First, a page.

The turbulent boundary layer on a flat plate, with zero pressure gradient, was simulated numerically at four stations between = 225 to = 1410. The three-dimensional time-dependent Navier-Stokes equations are solved using a spectral method with up to about 107 grid points. Periodic spanwise and streamwise~ conditions are applied, and a multiple-scale procedure is applied to approximate the slow streamwise growth of the boundary layer.
The numerical method was described in detail by Spalart (1986a). It is fully spectral in space, based on Fourier series in the directions parallel to the plate and an exponential mapping with Jacobi polynomials in the normal, semi-infinite direction. The time integration is second-order accurate and hybrid; it uses a low-storage Runge-Kutta scheme (Wray 1987) for the transport term and the Crank-Nicolson scheme for the Stokes terms. If Reynolds-number effects are to be studied by numerical simulation, it is essential to ensure that the different cases are not run with (effectively) different resolution, which could induce spurious variations. A similar problem can occur in experiments, for instance if a probe of fixed size is used while an increase in the Reynolds number decreases the scales of the turbulence.
There are two aspects to the question of resolution. One is the size of the domain in the directions parallel to the wall (or equivalently the smallest wavenumber). It was decided to keep the ratio of these dimensions to the displacement thickness * the same in all the simulations. Thus if there is an effect of the confinement of the flow inside a finite domain, the effect will be as independent of Reynolds number as possible. The displacement thickness is an appropriate macroscale of the flow and, with the present method, happens to be easier to control than the boundary-layer thickness or the momentum thickness . The lengthscale yo of the exponential mapping (Spalart 1986 a) is also kept at a constant multiple of * The other aspect is of course the grid spacing (or equivalently the largest wavenumber). In this case the wall region is the most sensitive and it was decided that the grid spacing should be fixed, in wall units. Thus the effects of numerical truncation will be as independent of Reynolds number as possible.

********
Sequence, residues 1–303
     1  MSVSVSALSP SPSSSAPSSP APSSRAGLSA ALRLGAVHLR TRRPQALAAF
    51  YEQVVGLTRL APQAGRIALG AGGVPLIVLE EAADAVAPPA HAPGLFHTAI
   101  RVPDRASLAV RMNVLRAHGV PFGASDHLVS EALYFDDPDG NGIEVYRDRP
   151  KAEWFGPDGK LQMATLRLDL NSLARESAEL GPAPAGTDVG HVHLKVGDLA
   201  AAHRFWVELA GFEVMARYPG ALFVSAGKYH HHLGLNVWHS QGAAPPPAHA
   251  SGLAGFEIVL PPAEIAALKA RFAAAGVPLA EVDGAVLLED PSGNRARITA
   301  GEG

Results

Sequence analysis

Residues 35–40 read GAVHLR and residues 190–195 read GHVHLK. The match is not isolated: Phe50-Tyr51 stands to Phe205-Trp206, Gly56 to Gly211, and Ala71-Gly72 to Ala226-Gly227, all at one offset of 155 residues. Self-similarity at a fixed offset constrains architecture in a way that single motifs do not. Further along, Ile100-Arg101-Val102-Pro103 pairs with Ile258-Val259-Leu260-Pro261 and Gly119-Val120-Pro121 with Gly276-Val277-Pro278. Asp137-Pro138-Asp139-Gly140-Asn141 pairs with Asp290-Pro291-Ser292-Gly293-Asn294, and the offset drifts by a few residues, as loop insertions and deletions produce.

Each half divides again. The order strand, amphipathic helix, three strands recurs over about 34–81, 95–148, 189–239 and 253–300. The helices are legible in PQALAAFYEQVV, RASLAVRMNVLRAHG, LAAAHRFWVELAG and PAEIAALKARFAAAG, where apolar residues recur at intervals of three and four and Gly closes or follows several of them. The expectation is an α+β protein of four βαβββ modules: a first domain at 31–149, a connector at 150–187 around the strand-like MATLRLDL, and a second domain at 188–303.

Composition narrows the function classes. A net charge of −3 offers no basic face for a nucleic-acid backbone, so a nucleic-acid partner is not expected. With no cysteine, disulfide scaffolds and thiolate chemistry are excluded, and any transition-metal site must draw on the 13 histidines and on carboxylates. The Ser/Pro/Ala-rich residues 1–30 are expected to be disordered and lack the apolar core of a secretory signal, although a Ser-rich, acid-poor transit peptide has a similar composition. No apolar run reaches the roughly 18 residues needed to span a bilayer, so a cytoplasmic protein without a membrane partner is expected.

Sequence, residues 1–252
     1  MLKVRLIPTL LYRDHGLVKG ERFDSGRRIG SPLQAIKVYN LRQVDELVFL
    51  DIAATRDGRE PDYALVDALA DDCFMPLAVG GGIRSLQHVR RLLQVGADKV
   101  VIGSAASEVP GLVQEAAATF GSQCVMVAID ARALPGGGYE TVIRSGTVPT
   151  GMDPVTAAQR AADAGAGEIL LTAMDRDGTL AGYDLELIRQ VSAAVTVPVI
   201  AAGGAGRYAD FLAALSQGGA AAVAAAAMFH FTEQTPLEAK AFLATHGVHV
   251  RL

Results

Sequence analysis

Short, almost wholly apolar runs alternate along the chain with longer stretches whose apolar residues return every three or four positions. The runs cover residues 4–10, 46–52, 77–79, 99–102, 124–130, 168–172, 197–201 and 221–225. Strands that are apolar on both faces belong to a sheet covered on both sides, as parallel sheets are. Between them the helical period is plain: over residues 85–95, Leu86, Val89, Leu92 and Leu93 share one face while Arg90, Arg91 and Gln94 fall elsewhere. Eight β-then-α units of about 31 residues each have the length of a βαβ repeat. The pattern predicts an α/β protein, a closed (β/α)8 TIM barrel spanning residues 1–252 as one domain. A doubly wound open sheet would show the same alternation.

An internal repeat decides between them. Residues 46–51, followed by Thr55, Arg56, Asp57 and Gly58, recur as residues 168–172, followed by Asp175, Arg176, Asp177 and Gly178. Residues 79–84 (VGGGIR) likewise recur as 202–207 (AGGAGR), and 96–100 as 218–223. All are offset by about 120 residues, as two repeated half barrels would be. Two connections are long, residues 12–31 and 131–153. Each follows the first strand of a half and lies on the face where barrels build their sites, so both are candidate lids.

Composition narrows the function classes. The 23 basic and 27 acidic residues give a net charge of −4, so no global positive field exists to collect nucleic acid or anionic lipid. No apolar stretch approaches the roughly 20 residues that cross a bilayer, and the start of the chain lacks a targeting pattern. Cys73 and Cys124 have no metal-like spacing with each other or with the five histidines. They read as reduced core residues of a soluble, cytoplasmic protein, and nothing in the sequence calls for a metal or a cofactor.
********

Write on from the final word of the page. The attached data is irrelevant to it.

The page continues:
The solution was a set of equations which, when solved with periodic in the streamwise (x) direction, can provide a good approximation to the local state of a boundary layer that has a slow spatial development. The incentives to use periodic conditions are both numerical (the high accuracy of Fourier series) and physical (no need to provide turbulent inflow conditions, improved statistical sample). The idea is to use the fact that both the thickness of the boundary layer and the energy level of the turbulence vary slowly as functions of x. The final product is a set of small 'growth terms' that are added to the usual Navier-Stokes equations.
Previous and Reference Numerical Solutions
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